[And now I come] Now, or just now, I have come (Montanus, Jonathan, Syriac, Junius and Tremellius, Masius). This expression indicates an immediately present and most remarkable help, and that He came upon a great matter; as in Daniel 9:22, 23; 10:11, 14 (Malvenda). By my singular, albeit invisible, power I am going to defend you (Lapide).
Captain of the host of the Lord; either, 1. Of all creatures in heaven and earth, which are God’s hosts. Or, 2. Of the angels, who are called the host of heaven, 1 Kings 22:19; 2 Chronicles 18:18; Luke 2:13. Or, 3. Of the host or people of Israel, which are called the Lord’s host, Exodus 12:41. The sense is, I am the chief Captain of this people, and will conduct and assist thee and them in this great undertaking. Now this person is none other than Michael the Prince, Daniel 10:21; 12:1; not a created angel, but the Son of God, who went along with the Israelites in this expedition, 1 Corinthians 10:4; not surely as an underling, but as their Chief and Captain. And this appears, 1. By his acceptance of adoration here, which a created angel durst not admit of, Revelation 22:8, 9. 2. Because the place was made holy by his presence, Joshua 5:15, which was God’s prerogative, Exodus 3:5. 3. Because he is called the Lord, Hebrew, Jehovah, Joshua 6:2. What saith my lord unto his servant? I acknowledge thee for my Lord and Captain, and therefore wait for thy commands, which I am ready to obey.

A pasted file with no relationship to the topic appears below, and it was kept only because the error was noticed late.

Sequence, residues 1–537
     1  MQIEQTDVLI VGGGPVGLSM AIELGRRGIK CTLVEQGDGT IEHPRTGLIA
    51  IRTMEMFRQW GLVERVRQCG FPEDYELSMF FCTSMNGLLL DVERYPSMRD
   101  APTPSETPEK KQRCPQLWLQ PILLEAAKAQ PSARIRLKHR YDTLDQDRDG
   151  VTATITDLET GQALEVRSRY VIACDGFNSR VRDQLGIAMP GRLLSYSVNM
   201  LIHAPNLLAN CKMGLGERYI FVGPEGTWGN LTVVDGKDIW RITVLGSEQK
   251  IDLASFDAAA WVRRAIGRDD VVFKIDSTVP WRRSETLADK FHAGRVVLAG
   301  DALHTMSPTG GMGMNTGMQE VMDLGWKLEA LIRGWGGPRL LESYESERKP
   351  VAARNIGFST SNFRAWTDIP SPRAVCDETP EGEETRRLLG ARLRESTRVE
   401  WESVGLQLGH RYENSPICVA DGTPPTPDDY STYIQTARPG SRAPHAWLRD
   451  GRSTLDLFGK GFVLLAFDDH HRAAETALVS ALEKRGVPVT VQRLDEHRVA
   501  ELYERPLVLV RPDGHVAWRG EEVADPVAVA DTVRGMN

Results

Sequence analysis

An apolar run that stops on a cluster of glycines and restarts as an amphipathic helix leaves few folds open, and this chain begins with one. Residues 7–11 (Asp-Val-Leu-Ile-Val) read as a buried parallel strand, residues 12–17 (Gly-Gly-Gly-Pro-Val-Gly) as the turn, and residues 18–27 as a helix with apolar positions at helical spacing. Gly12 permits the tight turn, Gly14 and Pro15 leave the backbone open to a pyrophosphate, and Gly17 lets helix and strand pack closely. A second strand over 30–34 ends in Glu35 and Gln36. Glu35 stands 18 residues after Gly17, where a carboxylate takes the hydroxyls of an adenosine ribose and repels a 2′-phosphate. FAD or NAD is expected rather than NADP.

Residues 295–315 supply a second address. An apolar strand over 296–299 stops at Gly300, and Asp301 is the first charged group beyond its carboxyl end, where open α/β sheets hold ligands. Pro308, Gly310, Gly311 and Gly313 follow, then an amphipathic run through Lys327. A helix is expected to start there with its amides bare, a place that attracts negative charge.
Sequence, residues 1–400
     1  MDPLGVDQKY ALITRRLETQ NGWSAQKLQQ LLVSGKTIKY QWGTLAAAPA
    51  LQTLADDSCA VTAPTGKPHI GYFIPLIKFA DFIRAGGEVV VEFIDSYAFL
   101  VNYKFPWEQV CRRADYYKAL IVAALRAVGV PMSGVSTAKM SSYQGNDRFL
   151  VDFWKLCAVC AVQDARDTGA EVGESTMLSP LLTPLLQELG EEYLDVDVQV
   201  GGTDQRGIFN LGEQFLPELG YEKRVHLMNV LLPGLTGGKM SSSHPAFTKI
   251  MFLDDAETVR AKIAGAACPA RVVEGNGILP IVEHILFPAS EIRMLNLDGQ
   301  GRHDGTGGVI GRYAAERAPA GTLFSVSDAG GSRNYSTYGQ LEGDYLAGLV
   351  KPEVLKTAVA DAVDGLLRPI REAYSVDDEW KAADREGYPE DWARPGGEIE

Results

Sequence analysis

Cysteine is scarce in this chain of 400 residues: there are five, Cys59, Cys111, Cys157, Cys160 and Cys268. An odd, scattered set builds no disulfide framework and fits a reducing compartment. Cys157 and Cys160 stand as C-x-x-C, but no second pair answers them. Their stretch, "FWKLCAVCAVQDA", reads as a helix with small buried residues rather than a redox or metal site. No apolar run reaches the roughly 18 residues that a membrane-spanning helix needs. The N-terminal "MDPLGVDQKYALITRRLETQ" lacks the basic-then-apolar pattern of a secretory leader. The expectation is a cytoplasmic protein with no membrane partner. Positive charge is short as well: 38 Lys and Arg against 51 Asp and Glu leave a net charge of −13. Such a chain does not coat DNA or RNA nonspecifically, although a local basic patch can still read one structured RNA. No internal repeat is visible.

Hebrew: וַיֹּ֣אמֶר׀ לֹ֗א כִּ֛י אֲנִ֥י שַׂר־צְבָֽא־יְהוָ֖ה עַתָּ֣ה בָ֑אתִי וַיִּפֹּל֩ יְהוֹשֻׁ֙עַ אֶל־פָּנָ֥יו אַ֙רְצָה֙ וַיִּשְׁתָּ֔חוּ וַיֹּ֣אמֶר ל֔וֹ מָ֥ה אֲדֹנִ֖י מְדַבֵּ֥ר אֶל־עַבְדּֽוֹ׃
 Hebrew: שַׂר.
 The Masorah is the body of the scribal notes of the Massoretes, the mediæval Jewish scribes responsible for the preservation and propagation of the traditional text of the Hebrew Scriptures.
 Exodus 33:14: “And he said, My presence (פָּנַי, my face) shall go with thee, and I will give thee rest.”
 Exodus 23:21.
 The name Jehovah, יְהוָה, is derived from the verb of being, הָיָה. See Exodus 3:14: “And God said unto Moses, I AM THAT I AM (אֶֽהְיֶ֖ה אֲשֶׁ֣ר אֶֽהְיֶ֑ה): and he said, Thus shalt thou say unto the children of Israel, I AM (אֶהְיֶה) hath sent me unto you.”
 Hebrew: עַתָּ֣ה בָ֑אתִי.